Home Architect Skye Arundhati Thomas at the Kochi-Muziris Biennale

Skye Arundhati Thomas at the Kochi-Muziris Biennale

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CAMP, Bombay Tilts Down, 2022, seven channel digital video, color, sound, 13 minutes 14 seconds.  Installation view, Aspinwall House, Kochi, India.

IN THE MODERNIST IMAGINATION, a viewer’s encounter with an art object should be pure and uncluttered, free from any distractions that might interrupt the aesthetic experience. For an institution, this means erasing any sign of the contingencies – physical labor, mundane bureaucracy – that must contribute to the production of an exhibition. What would it mean for art and its viewers to shatter this illusion? What would it mean to remind the public of the invisible work of art – that of exhibit installers and designers, painters and electricians, forklift operators and audiovisual experts – and, in its in turn, to consider the ways in which labour, land and local work-class lives converge in events aimed at gallery audiences? Such questions are thrown into stark relief by the fifth edition of the Kochi-Muziris Biennale, a presentation which, though beset by delays and mired in controversy and challenges, invites a deep inquiry into the infrastructure that maintains all that is required of contemporary large-scale production. art exhibitions.

Since the Biennale’s inception twelve years ago, a complex called Aspinwall House has served as its main venue. Built in the 19th century by the British East India Company, the seaside complex includes offices, a bungalow, and even a shipyard. For several years, the Kerala Infrastructure Investment Fund Board, a fund that operates under the aegis of the Kerala government, has sought to buy the site, which is currently co-owned by New Delhi-based developer DLF with the aim of transforming the complex into a permanent home for cultural events. In July 2022, these long-term negotiations have come to a standstill. The Biennale team (led by Singapore-based artist and writer Shubigi Rao) only gained access to Aspinwall House in early November, just over a month before the show opened, where they discovered almost total ruin. The overgrowth had broken the walls and the rain had soaked the roofs. The rooms had been flooded and were covered in mold. The interior had last been used for a South Indian horror film, and remnants of filming littered the stage, including a life-size replica of a velociraptor skeleton still dangling from the ceiling, plastic bones tinkling in the breeze. The Biennale team has learned, over the years, to expect a certain disarray before each edition, but this was of a different order.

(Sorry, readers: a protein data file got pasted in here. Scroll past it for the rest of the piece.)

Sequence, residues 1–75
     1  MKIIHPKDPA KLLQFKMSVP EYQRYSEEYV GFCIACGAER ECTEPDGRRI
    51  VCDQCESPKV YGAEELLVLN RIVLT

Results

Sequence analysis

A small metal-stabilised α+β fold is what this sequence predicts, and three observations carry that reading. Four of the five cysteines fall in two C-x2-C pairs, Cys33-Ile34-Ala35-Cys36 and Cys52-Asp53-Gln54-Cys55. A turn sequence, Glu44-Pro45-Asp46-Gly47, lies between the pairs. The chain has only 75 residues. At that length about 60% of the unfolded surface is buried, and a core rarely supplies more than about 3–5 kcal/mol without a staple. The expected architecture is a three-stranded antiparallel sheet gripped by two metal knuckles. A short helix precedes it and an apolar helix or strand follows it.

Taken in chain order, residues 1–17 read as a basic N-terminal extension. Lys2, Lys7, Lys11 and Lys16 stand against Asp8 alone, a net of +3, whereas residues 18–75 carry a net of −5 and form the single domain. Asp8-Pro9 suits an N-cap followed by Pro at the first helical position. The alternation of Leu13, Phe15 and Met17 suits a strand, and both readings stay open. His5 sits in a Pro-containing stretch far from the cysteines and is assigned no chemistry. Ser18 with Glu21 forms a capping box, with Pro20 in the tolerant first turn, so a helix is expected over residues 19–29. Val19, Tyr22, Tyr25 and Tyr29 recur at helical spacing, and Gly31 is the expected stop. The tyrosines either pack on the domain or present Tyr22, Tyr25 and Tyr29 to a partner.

Just when repairs were due to begin, negotiations with DLF stalled a second time and the developer locked the doors again. Finally, it was not until December that the Biennale team was able to begin its work, less than two weeks before the planned opening of the show. The halls of the place still had to be whitewashed, dried out and, in part, rebuilt. The compound lacked consistent power and required extensive rewiring.

Aspinwall House, Kochi, India, 2022.

It was not the only crisis. Kochi Biennale Foundation Founder Bose Krishnamachari said The week that the organization had started this edition with a debt of 4.9 crores of rupees, or about 600,000 dollars. Then an additional key appeared in the works: new customs regulations held back the works of art at the border. From 2021, an importer of a foreign artwork in India must guarantee 25-30% of its cost, an amount which is only refunded once the object is returned. According to Krishnamachari, this totaled $550,500, requiring additional loans. As the opening date approached, many works remained locked up in warehouses.

Bureaucracy, Krishnamachari said, “can kill your energy”, and by early December the Biennale team was operating on its last reserves. At 3 p.m. the day before the opening, the foundation summoned all the participating artists present in Kochi for an emergency meeting. The decision was made to postpone the opening – news that many visitors did not receive until their planes landed on the tarmac in Kerala. Meanwhile, the third and most intense storm of the 2022 hurricane season, Cyclone Mandous, arrived from Tamil Nadu. Visitors, stranded in the city with no sights to see, lamented mud, wet shoes and damp weather, compounded by poor Wi-Fi. Participating artists penned an open letter: They would support the curatorial team while requiring a review of the structure of the foundation and its procedures for designing and mounting exhibits. The foundation requested an additional $370,000 loan from the Kerala government.

Finally, on December 23, the show began. Rao and Krishnamachari raised a flag and thanked the participants and the conservation team.

If previous editions of the KMB seemed ambitious or celebratory, Rao’s approach is more sedate.